Case Presentation: A 57 year old man with a history of heart failure with preserved ejection fraction (HFpEF), chronic kidney disease (CKD) and hypertension presented with two weeks of exertional dyspnea and lower extremity edema, followed by 4-days of progressive tongue swelling. One-month prior, he was initiated on an ACE inhibitor (ACEi) and experienced tongue swelling 2 weeks later. He received a course of steroids at that time with resolution of his symptoms. Physical exam revealed normal vital signs, macroglossia with mild glottic edema and pitting edema of both lower extremities. He was diagnosed with recurrent ACEi associated angioedema. The ACEi was discontinued; Anti-histamines and steroids were implemented and provided marked symptomatic relief. A transthoracic echocardiogram performed to evaluate his hypervolemia revealed an abnormal myocardial texture, new systolic dysfunction and a restrictive cardiomyopathy, concerning for Amyloidosis.
Labs demonstrated nephrotic range proteinuria, elevated IgG-lambda monoclonal proteins and elevated lambda free light chains. Abdominal fat pad biopsy results were inconclusive and PETCT did not find any osseous lesions. The patient soon developed cardiogenic shock due to multiple conduction abnormalities. Attempts at bone marrow and endomyocardial biopsy were abandoned given his tenuous hemodynamic status. A cardiac MRI was consistent with amyloidosis. Unfortunately, our patient’s advanced cardiac involvement precluded initiation of any targeted therapy other than doxycycline.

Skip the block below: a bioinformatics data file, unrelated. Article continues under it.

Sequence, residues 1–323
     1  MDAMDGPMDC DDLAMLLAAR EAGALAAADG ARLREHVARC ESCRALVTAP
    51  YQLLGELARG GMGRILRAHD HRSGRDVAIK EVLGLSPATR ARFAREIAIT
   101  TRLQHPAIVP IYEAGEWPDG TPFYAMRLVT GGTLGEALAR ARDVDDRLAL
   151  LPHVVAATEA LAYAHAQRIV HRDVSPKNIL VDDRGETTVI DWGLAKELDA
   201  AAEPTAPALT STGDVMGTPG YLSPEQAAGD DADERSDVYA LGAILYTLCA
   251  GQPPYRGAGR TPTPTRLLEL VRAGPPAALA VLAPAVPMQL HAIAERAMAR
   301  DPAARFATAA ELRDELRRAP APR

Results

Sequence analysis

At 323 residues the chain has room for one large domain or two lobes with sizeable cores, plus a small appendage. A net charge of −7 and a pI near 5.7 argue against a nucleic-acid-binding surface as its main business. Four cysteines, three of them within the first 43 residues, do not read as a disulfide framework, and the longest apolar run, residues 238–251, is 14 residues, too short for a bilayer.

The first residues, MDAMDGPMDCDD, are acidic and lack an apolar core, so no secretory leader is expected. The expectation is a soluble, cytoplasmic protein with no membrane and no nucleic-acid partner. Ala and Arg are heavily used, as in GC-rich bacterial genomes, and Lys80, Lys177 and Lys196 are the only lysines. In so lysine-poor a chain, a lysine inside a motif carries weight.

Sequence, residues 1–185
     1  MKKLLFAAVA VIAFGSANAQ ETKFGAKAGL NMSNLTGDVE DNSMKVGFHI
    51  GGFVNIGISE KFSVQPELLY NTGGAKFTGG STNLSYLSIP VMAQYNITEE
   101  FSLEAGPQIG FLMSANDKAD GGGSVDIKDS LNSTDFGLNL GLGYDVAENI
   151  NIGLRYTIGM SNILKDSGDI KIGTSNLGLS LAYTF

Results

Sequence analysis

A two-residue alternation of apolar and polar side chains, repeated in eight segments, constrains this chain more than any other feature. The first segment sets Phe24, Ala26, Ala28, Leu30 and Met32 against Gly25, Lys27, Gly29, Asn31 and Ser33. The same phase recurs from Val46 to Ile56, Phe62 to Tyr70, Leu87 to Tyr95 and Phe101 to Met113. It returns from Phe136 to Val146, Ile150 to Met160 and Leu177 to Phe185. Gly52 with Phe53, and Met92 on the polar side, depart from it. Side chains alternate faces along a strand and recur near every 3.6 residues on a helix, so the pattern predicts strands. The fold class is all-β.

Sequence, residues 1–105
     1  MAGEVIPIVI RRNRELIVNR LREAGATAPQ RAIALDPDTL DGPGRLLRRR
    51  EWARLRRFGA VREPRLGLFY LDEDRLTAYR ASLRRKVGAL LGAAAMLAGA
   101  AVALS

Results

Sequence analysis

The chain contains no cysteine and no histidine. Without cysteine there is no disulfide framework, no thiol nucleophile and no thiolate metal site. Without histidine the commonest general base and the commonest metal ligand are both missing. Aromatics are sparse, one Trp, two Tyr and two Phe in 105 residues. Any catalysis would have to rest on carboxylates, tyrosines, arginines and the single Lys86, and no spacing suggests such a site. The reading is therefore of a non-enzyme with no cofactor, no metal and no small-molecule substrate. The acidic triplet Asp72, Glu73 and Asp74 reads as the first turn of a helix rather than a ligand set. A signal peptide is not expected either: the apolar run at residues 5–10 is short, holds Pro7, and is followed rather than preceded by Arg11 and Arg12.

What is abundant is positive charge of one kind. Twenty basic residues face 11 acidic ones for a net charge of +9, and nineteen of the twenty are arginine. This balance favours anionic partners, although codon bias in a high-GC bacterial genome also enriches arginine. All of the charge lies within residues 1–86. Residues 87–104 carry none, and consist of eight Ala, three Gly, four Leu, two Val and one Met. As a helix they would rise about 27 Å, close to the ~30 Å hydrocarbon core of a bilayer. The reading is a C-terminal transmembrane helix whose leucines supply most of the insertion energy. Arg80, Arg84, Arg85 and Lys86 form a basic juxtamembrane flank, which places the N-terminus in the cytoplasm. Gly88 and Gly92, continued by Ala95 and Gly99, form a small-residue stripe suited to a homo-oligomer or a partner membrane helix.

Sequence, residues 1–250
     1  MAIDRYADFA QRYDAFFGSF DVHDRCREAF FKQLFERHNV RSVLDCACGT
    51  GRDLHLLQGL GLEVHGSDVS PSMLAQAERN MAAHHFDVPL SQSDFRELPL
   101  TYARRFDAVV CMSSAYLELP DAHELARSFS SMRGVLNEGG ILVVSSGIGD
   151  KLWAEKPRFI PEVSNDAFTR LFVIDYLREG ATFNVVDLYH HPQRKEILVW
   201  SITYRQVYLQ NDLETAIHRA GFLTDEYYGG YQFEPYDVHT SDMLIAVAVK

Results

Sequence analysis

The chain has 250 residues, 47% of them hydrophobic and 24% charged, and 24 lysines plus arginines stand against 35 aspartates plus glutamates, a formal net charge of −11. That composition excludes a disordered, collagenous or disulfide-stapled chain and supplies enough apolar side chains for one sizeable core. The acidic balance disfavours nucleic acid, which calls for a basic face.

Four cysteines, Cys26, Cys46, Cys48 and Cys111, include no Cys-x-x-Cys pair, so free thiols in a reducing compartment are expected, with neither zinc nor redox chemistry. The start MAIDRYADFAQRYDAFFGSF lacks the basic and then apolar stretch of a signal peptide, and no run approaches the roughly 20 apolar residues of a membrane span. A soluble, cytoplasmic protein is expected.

Discussion: Light chain amyloidosis (AL) is a plasma cell dyscrasia characterized by the overproduction, misfolding and extracellular deposition of immunoglobulin light chain. Here we present a case of AL amyloidosis presenting with recurrent macroglossia misdiagnosed as angioedema. ACEi use, unclear chronicity of HFpEF and CKD confounded the diagnosis. Multi-organ involvement is common, however advanced cardiac disease precludes the use of many effective therapies. Hence, early recognition by hospitalists and initiation of targeted therapy is imperative, as any delay may prove dire.

Despite the advances in AL amyloidosis treatment, 1-year mortality remains high in large part due to under recognition of the disease leading to delays in diagnosis. Early cardiac manifestations are often subtle with nonspecific ECG findings such as low voltages and poor R wave progression. Early restrictive cardiomyopathy can also be mistaken for diastolic dysfunction on echocardiography. Stem cell transplantation (SCT) and induction chemotherapy have been well studied to improve survival in AL Amyloidosis. However, advanced heart failure is a relative contraindication to SCT and certain chemotherapies due to increased mortality.

Conclusions: This case illustrates the importance of considering AL amyloidosis in patients with presumed HFpEF, especially in light of nephrotic syndrome in the absence of diabetes. Hospitalists should keep amyloidosis on their differential diagnosis in similar patients. This case underscores the subtle presentation and difficult diagnosis of AL amyloidosis, its aggressive nature and the consequences of delayed recognition.

IMAGE 1: Figure 1, Apical 4 Chamber View on Transthoracic Echocardiography

IMAGE 2: Figure 2, Cardiac MRI